The setting takes place in medieval times (around the 10th-13th century)

Say an important person of court is visiting a king of another nation. He is there as an ally, but needs to sneak out of the castle during the day (the weather is rainy). The castle has an a keep and a gatehouse. Would this important person be questioned on his way out of the castle? Can he just go out undetected? Or would guards question him? If it would be hard for him to go out the front gates, how else could he leave the castle and venture into the city?

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    $\begingroup$ This question seems extremely broad. The answer depends on what blind spots the keep windows have, the skill of the sneaker, the morale and integrity of the guards, the terrain immediately surrounding the castle, the physical attributes of the sneaker, what disguises and clothes he can avail himself of, and what paranoia rating the king is currently on. I doubt anyone could give a perfect yes or no to this. $\endgroup$
    – Tim B II
    Mar 13 '19 at 23:20
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    $\begingroup$ Since he's probably on his way to purchase sex at a local bordello (along with many others from the castle), why bother to be sneaky about it? He should be proud of his size and prowess, and ensure every guard knows that he's wealthy and powerful enough to have such a great hobby. If he is in the unusual circumstance of going someplace else, simply lie and say he's off to the bordello once more. $\endgroup$
    – user535733
    Mar 13 '19 at 23:20
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    $\begingroup$ does your castle have any postern? $\endgroup$
    – Kepotx
    Mar 13 '19 at 23:39
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    $\begingroup$ Corpses do not get interrogated. $\endgroup$
    – kikirex
    Mar 13 '19 at 23:57
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    $\begingroup$ Kings did not live in castles, except occasionally in war time. Castles were military structures, nobody lived in them unless they were paid, or if they had to due to military obligations. Kings lived in palaces. Palaces have lots of doors, many people coming and going all day long. $\endgroup$
    – AlexP
    Mar 14 '19 at 7:36

That very much depends on the situation. The castle, the threat level, the size and location, etc.

It's certainly plausible that they could do so in some castles some of the time. A large castle would have people entering and leaving all the time including servants and soldiers working for the visitor who the guards would not recognize.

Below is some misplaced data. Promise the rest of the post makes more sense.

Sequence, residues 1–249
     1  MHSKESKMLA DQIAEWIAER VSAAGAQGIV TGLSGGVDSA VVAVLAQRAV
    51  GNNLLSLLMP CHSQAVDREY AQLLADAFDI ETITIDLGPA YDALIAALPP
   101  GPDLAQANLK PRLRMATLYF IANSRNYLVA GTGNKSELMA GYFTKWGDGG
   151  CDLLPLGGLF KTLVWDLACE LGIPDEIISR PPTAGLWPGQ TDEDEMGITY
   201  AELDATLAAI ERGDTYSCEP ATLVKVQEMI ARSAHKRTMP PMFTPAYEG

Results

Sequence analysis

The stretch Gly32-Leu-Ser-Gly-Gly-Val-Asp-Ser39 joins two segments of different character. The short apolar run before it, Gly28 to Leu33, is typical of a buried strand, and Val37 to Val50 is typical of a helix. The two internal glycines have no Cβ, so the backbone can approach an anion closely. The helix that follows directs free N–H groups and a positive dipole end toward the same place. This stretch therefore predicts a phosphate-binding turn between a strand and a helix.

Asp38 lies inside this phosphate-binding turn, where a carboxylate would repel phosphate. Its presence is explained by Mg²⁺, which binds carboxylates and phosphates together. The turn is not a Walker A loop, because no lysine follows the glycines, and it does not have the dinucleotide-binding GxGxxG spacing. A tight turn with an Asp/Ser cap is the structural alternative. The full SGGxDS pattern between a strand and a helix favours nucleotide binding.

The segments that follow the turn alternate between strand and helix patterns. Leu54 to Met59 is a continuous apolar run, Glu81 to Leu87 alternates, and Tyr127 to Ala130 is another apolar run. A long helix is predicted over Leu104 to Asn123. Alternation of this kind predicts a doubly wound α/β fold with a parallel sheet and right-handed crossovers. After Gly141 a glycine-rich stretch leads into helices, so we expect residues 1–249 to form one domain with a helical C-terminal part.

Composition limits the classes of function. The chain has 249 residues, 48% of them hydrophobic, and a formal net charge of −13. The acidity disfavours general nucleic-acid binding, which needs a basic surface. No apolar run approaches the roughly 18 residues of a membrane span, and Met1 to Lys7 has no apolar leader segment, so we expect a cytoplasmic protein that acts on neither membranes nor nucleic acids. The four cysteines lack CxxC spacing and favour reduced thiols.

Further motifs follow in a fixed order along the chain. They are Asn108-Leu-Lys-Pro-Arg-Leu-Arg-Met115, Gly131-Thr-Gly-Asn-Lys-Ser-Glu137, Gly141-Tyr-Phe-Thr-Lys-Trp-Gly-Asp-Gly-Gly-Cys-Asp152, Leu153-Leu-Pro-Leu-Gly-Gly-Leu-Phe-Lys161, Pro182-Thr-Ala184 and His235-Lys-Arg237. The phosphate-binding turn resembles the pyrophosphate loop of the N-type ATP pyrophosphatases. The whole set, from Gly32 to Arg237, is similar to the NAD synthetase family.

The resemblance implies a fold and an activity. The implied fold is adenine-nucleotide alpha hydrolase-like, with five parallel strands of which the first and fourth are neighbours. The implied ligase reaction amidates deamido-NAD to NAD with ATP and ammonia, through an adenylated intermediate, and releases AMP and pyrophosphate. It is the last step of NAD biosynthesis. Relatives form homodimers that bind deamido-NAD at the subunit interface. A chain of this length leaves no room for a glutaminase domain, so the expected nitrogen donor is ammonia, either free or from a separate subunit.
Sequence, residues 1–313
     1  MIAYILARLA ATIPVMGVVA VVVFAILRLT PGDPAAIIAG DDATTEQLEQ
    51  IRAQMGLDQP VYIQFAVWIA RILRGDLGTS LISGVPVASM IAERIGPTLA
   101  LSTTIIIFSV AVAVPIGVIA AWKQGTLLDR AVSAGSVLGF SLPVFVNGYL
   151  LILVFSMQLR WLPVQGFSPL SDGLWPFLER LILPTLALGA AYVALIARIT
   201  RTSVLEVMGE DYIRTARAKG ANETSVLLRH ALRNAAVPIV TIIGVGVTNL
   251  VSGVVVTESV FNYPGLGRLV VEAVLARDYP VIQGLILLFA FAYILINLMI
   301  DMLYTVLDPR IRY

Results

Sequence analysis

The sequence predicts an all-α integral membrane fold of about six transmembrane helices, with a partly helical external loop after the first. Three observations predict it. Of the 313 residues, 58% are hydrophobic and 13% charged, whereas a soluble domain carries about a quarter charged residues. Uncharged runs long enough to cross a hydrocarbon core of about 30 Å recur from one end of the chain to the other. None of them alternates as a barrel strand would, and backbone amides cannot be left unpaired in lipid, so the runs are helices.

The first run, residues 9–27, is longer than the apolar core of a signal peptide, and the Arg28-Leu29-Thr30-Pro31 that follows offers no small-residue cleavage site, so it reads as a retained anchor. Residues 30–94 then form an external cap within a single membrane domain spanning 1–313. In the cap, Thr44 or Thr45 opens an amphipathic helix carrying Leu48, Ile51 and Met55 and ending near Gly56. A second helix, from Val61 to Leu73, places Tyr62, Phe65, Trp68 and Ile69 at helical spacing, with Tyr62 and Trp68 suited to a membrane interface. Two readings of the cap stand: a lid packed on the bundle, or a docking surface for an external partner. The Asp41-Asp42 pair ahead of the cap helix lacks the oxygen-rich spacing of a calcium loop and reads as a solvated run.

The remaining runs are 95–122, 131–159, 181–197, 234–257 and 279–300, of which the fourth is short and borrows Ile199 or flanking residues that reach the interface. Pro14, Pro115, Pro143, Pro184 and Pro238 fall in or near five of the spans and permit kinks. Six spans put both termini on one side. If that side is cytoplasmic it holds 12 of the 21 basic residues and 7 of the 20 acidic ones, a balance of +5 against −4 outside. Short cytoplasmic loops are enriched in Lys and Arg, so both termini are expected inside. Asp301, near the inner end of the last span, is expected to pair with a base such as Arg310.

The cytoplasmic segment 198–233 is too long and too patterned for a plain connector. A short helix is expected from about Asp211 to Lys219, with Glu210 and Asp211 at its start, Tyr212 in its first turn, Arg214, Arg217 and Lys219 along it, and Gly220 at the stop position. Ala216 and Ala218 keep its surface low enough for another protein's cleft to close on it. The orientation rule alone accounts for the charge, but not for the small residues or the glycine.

Coming back in is likely to be more difficult (after all castles are designed to keep people out not in) but you have to remember that goods and people were constantly flowing into and out of castles. The visitor could dress as one of their own guards or servants and just walk out and back in on some errand or other so long as the guards didn't recognize them.

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    $\begingroup$ I am going with the servant approach, as in, he is going to wear common cloths and walk near the servants on their way out. Thanks! $\endgroup$
    – Ebi
    Mar 13 '19 at 23:55

The answer is in your own text:

an important person of court is visiting a king of another nation

Visitors, especially high ranked ones like kings, are guests and free to move as they please, and often move together with a large escorting party. Those who are restricted in their freedom of movement are called prisoners or hostages.


As Tim B said, this depends a lot on the situation

I would add that armies were only mobilized during wartime. Having a full-time levy cost a ton of money, and would not be used to guard a castle if they were no danger.

In September 1238, Henry III, his queen Eleanor, and their retinue were at Woodstock. A man pretending to be insane had thrown himself at Henry, demanding that Henry give his crown to him. Henry, believing he was a madman, restrained his servants from beating or killing the man. That night, however, the same man climbed through a window into the king's bedchamber, armed with a knife. He meant to stab Henry in his bed, but Henry was in the queen's chambers with Eleanor. One of the queen's damsels, Margaret Biset, was reciting her psalter and heard the man. She alerted the guards, who captured and tortured the intruder, who confessed that William de Marisco had sent him to murder the king and queen.


This is a historical example that can show that sneaking into a castle, and even in king's chamber was possible.

Also, a postern could help you to sneak out of the castle. They were used as a hidden, easily defendable passage. Your character can have some trouble finding it if he doesn't know the castle, and it may be locked, as common folk just enter/leave by the gatehouse, but it worth to try.


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